Downsized wonder from Germany

The A1 Sportback 1.0 has no problem keeping up with expressway traffic between 80 and 90kmh.
The A1 Sportback 1.0 has no problem keeping up with expressway traffic between 80 and 90kmh.PHOTO: DAVID TING

The Audi A1 Sportback 1.0 is an honest-to-goodness base model from Audi

Twenty years ago, I tested my first 1-litre hatchback, the 1995 Nissan March. It had 58bhp and a five- speed manual gearbox.

At the time, I never imagined that two decades later, a 1-litre hatchback would have a turbocharger, almost a hundred horsepower, seven gears, three cylinders and two clutches - like the new entry- level A1 Sportback in this review.

And I would also have found it impossible in 1995 to imagine that a 1-litre runabout in 2015 would have bright bi-xenon headlights, sleek LED tail-lights and kiasu reverse- parking sensors as standard issue equipment - again, like the baby Audi here.

Options fitted to the test car are paddle shifters and a centre armrest with storage.

Those paddles are neat but not necessary, because the redesigned gear lever is well shaped, close at hand and has an S mode that is easier to engage (just tap the lever backwards, no more tab to press). That armrest is a practical addition to the cabin. Either option costs a few hundred dollars.

  • SPECS/AUDI A1 SPORTBACK 1.0

    Price: $122,000 with COE

    Engine: 999cc 12-valve three-cylinder turbocharged

    Transmission: Seven-speed dual-clutch with manual override

    Power: 95bhp at 5,000rpm

    Torque: 160Nm at 1,500-3,500rpm

    0-100kmh: 11.1 seconds

    Top speed: 186kmh

    Fuel consumption: 4.4 litres/100km

    Agent: Premium Automobiles

The five-door interior will be familiar to owners of the original A1 Sportback, introduced to Singapore three years ago. As before, they will find it more comfortable to sit in the front than in the rear, where the sitting angle might be too upright for some people.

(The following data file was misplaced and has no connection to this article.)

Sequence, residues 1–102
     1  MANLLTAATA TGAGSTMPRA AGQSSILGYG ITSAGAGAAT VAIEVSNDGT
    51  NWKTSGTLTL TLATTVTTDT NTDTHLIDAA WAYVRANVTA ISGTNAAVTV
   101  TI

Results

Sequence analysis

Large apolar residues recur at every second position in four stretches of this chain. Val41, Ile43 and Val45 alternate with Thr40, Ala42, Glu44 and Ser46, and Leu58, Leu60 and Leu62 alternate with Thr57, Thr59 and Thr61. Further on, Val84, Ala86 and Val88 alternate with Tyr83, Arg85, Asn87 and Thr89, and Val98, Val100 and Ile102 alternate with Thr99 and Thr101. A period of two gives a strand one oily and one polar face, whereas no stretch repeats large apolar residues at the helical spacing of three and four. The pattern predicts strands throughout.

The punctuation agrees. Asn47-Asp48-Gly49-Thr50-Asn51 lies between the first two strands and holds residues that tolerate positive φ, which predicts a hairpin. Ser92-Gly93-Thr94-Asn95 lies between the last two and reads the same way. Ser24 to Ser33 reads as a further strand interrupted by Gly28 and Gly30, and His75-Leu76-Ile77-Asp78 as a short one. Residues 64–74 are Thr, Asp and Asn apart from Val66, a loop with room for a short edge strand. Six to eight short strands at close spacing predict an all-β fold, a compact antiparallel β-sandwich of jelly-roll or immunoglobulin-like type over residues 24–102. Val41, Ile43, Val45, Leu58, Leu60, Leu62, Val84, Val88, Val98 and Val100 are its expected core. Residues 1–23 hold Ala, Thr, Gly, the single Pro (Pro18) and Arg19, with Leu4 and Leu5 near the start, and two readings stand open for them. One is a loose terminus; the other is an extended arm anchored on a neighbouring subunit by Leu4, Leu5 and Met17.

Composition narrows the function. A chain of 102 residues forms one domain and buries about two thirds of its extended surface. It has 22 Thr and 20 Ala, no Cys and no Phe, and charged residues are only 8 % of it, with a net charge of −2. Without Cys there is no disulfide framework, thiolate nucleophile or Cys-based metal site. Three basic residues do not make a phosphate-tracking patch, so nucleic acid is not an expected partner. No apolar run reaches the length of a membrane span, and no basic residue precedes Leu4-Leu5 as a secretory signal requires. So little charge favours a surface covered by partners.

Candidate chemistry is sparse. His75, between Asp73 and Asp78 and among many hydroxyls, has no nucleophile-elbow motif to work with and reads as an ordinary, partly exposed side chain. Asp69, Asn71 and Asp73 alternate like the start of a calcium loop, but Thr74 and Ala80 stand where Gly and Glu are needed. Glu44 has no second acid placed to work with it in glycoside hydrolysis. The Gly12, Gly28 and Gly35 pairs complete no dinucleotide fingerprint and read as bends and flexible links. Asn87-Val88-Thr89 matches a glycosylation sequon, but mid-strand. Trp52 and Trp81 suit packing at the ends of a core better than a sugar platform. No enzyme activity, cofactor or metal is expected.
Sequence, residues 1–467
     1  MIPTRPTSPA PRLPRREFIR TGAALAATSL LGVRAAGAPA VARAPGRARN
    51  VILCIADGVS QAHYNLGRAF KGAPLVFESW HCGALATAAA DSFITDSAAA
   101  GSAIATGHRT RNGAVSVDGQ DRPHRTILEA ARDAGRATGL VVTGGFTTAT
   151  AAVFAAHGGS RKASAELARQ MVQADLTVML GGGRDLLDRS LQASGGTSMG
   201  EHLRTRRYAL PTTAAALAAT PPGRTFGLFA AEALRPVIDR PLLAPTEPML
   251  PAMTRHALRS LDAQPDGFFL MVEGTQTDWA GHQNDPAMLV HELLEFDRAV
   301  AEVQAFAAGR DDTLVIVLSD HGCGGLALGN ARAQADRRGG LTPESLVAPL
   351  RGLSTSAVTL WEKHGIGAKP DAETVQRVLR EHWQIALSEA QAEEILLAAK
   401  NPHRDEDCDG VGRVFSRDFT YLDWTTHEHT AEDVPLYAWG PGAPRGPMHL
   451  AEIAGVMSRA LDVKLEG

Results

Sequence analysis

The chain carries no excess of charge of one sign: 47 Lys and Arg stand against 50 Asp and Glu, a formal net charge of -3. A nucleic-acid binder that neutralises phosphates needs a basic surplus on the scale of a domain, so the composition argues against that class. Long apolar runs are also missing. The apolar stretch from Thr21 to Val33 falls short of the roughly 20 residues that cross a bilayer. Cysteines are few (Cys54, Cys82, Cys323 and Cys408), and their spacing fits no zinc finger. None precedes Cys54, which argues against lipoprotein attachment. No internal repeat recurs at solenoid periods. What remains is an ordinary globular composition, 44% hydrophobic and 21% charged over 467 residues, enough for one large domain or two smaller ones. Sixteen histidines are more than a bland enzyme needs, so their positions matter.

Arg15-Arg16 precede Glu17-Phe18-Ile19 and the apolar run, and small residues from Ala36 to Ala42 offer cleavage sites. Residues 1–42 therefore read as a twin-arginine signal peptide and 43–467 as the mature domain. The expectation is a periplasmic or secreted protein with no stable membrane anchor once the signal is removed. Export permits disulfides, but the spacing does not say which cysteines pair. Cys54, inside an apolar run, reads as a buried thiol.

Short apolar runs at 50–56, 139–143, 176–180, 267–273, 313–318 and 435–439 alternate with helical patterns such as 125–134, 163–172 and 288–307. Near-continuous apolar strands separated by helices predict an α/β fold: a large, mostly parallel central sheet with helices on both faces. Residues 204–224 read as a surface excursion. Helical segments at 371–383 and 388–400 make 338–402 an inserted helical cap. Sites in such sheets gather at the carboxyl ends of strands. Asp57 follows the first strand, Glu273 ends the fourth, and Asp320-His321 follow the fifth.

There is a nice new trim for the multimedia system's panel and display. The fabric seats are stylishly colour-coordinated with the doors, speaker housings and dashboard vents. Yes, this new Audi comes with factory-fitted fabric upholstery instead of locally fitted leather.

Other classy touches include a glovebox that opens gently, slick clicks when you work the airconditioner and window switches, and rubberised knobs to adjust the front seat-backs and their lumbar support.

But Audi's attention to detail does not extend to the sunvisor mirrors (which lack illumination) and instrument cluster (which continues to use simple white fonts).

The steering wheel is still a lovely three-spoke, leather-covered affair, but now with electro-mechanical assistance instead of hydraulic assistance, so as to conserve energy.

I do not know how much petrol it saves, but it is less annoying than the car's other fuel-saving feature: the automatic start/stop that cuts the engine with a shudder and restarts it with a judder.

The 12-valve three-cylinder engine idles in an offbeat, slightly vibratory manner and with a bit of an exhaust burble. It has 27bhp and 40Nm less juice than the previous 1.4-litre A1, so the latest 1-litre A1 is clearly less energetic.

But it is enthusiastic, working eagerly with the seven-speed gearbox to pull the A1 along with seemingly unburstable gusto, so much so that the acceleration feels quicker on tarmac than it does on paper (zero to 100kmh in 11.1 seconds).

The A1 1.0 has no problem catching or keeping up with expressway traffic between 80 and 90kmh. It is zesty on city streets too, zipping between the 40 and 60kmh speed marks with real spirit.

Equally delightful is how the car coasts easily on a flat road. With your foot off the throttle pedal, it maintains its momentum for quite a distance.

In terms of insulation against road and traffic noise, the A1 Sportback is somewhere between the current A3 Sportback and the updated VW Polo. The A1's ride on 215/45 R16 tyres can get jiggly over rough patches, but it is acceptable for a European supermini.

In conclusion, Audi's 1-litre A1 Sportback is not bad at all for a base model. Pretty good, too, is its price, helped by a $15,000 carbon rebate.

•The writer is the editor of Torque, a motoring monthly published by SPH Magazines.

A version of this article appeared in the print edition of The Straits Times on August 22, 2015, with the headline 'Downsized wonder from Germany'. Print Edition | Subscribe